"I just have some things to do in the workshop in here. I'll be up a little later."

"Have it your way, Spengs, but I warn ya, overwork stress isn't nice."

"Strange, Peter. I would have thought that would be something you would be most unfamiliar with." Egon's blue eyes twinkled, the master scientist's substitute for smiling.

"And you would be right. Sweet dreams, you boy genius you." Peter shuffled up the metal stairs sleepily and made for bed. The lights in the main area were out, Janine having long since finished and Winston having seemingly already gone to bed. Two more flights of stairs and Peter reached the master bedroom, where he then heard –


Peter immediately saw what was wrong. Ray was holding a comic, a comic which had slime of a familiar green shade dripping from it. Two seconds later, Slimer, their pet ghost, materialised and immediately started blabbering apologies. "Mee sowwy Way, mee like gommics gooood, didna wanna sliiimey..."

"How could you Slimer, how could you? An authentic Silver Age Commodore Chaos special and you slimed it. Bad ghost!" Ray was clearly very upset.

Peter approached Ray. "Oh, he can't help it," he mocked, imitating Ray's nasal tones. "He's just a ghost, he doesn't know what he's doing, blah, blah, blah,"

"Peter," Ray said in a warning tone.

Peter pointed a finger at Ray. "Now you see how I feel every time he slimes my bed. Every time he scoffs my watermelon. Every time I pull my boots on and find slime in them," the brown-haired man declared, voice rising in tone dramatically. Then he stepped forward and laid a hand on Ray's shoulder. "Come on, Ray. Join forces with me against the menace and you never need read a slimy comic ever again."

Ray sighed. "Oh, Peter, but he doesn't really understand. He's not like us."

"Same old line," Peter grumbled, turning to his own bed. Ray turned to Slimer.

"All right, Slimer, I'll forgive you, on one condition," He beckoned with his finger, telling Slimer to come closer. "You tell me where Peter usually keeps his imported Belgian chocolates." he enquired stealthily.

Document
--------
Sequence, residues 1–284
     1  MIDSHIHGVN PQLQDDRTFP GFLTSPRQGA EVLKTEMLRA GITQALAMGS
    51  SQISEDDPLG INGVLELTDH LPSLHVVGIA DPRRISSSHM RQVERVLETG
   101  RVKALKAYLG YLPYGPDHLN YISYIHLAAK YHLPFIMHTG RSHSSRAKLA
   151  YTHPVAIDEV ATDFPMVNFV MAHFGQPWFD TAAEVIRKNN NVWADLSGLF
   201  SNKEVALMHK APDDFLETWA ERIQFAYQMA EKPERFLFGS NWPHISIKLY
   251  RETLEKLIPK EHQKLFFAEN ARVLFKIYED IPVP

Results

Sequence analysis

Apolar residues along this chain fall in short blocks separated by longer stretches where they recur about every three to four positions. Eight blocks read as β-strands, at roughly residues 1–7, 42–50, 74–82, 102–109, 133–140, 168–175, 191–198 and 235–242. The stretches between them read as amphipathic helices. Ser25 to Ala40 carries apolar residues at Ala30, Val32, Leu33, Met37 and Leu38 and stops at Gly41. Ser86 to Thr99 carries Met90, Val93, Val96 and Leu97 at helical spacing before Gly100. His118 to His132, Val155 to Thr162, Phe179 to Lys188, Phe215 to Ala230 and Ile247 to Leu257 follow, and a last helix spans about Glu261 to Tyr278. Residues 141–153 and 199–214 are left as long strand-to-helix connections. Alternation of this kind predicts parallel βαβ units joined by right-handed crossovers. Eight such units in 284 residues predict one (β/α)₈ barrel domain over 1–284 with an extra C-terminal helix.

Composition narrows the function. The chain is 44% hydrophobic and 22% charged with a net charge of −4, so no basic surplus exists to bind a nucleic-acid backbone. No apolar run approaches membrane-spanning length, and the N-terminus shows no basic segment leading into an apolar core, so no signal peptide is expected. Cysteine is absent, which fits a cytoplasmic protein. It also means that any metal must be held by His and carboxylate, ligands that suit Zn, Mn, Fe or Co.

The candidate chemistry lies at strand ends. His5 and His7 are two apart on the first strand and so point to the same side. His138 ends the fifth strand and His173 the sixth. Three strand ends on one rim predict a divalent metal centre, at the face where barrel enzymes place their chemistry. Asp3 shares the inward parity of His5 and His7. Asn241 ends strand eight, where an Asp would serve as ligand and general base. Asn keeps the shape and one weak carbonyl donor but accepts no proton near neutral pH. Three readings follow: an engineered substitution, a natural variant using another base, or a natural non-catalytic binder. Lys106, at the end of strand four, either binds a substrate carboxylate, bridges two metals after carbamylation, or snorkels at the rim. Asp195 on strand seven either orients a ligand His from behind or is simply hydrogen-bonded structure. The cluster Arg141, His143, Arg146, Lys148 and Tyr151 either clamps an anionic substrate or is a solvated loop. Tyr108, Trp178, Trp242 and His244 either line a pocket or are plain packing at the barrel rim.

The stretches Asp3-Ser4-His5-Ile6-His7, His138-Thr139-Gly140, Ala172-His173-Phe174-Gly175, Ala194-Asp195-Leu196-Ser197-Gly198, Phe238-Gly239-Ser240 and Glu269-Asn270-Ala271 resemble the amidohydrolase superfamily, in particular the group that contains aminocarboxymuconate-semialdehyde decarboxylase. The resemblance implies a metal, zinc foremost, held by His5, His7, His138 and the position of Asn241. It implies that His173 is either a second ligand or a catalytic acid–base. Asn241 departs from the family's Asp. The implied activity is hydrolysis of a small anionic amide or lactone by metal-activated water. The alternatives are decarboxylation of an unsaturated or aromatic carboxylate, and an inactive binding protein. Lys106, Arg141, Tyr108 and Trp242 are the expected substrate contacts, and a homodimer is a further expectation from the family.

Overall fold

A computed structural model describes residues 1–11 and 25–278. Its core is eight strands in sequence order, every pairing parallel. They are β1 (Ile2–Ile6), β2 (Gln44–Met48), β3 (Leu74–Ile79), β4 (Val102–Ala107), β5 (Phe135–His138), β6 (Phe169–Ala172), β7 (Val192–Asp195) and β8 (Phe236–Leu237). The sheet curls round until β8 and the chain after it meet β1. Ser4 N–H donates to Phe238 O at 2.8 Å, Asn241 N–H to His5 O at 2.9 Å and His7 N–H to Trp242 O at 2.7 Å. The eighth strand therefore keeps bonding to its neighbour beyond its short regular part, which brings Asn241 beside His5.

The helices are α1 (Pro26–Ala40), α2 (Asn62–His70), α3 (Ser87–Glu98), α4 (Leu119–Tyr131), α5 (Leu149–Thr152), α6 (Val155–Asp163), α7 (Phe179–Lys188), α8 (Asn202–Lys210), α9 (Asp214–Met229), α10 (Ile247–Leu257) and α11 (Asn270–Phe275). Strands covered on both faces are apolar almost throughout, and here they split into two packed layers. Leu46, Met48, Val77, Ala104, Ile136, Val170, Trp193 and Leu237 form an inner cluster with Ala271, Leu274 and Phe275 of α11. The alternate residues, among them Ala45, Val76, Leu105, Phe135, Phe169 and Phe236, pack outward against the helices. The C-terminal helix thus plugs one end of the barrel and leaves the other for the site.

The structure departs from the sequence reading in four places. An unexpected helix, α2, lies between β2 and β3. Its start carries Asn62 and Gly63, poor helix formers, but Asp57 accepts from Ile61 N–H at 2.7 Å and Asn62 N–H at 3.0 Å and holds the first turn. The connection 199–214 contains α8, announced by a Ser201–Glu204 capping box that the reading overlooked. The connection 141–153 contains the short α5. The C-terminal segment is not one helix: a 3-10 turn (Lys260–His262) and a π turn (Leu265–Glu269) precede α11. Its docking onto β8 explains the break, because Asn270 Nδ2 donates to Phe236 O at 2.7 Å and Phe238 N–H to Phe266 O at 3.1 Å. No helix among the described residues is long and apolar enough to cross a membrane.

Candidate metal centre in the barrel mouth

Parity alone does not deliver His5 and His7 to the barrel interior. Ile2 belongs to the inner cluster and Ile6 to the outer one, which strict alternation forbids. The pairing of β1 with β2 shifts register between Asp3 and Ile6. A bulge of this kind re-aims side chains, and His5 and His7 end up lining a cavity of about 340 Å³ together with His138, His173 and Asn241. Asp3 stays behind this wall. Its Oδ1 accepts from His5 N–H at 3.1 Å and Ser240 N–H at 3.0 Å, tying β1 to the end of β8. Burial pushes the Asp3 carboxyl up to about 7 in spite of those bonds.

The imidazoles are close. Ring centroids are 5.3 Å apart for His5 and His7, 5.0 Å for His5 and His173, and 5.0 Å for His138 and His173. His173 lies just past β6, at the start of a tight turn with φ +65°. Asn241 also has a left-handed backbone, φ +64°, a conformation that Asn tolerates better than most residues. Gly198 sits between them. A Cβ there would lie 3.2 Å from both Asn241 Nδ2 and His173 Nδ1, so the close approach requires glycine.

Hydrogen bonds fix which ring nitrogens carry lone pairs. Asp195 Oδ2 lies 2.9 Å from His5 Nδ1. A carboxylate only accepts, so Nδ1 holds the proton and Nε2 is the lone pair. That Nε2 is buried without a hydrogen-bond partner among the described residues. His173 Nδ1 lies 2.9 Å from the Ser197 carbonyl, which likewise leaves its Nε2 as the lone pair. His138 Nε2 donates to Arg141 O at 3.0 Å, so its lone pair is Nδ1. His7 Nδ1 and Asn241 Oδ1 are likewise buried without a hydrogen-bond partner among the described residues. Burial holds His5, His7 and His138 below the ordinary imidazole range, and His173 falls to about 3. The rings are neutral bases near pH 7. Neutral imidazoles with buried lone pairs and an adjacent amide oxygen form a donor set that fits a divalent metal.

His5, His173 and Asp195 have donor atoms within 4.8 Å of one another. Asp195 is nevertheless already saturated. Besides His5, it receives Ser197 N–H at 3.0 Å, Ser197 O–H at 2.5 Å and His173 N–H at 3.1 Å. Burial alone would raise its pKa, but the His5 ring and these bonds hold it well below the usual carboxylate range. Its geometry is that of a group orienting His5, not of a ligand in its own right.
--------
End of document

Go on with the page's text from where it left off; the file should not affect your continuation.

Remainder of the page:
"Oh, plotting something, are we, Stantz?" interjected Peter, turning back to the pair. "I'm hurt. I offer you to join me, and you join forces with him instead. So, what is it?"

"You're tired, Peter. Go to bed."

"Oh, I'll go to bed alright. And carry a thrower under my pillow." Peter removed his jumpsuit and sat down on the bed. "I've always known there was a dirty, devious mind behind that boyish exterior of yours." he drawled, clicking his fingers and pointing at Ray. He rolled beneath the covers and was soon asleep.


The piercing trill of the alarm sent all four Ghostbusters leaping out of bed. They pulled on their jumpsuits before sliding down the pole and assembling before Janine at her desk.

"Rise and shine, guys," said the secretary crisply. "Trouble on the Upper East Side. I got the address." She ripped off the sheet on which she had scribbled what little details there were and gave it to Ray.

"Thanks, Janine. Let's roll." Seconds later they were on their way, speeding along the streets of Manhattan at a fair clip, though nowhere near as fast as the previous night.

"Can't believe it's morning already," said Peter, stretching and yawning at the same time. "There should a law against working at this hour."

"There's a multi-tasker if I ever saw one," said Winston, jerking his thumb back at Peter. "He can yawn, stretch and complain at the same time. Anyway, what've got this time?"

Ray looked at the scrap of paper in his hand. "Disturbance at 57 Normandy Street. Seems a bunch of ghosts, possibly poltergeists, though no-one's sure, flew out of the nearby forest and trashed a family barbecue. They fear some of them have gone to ground in the houses themselves and are waiting to attack."

Peter didn't look too enthused. "Well, I guess that's –Wait, hold up there. A forest? On the Upper East Side?"

"Yeah, of course, Pete," replied Winston. "There's always been a forest there. You know? Where those two students were found murdered last week?"

"What!?" Peter looked aghast. "And Janine forgot to mention them?"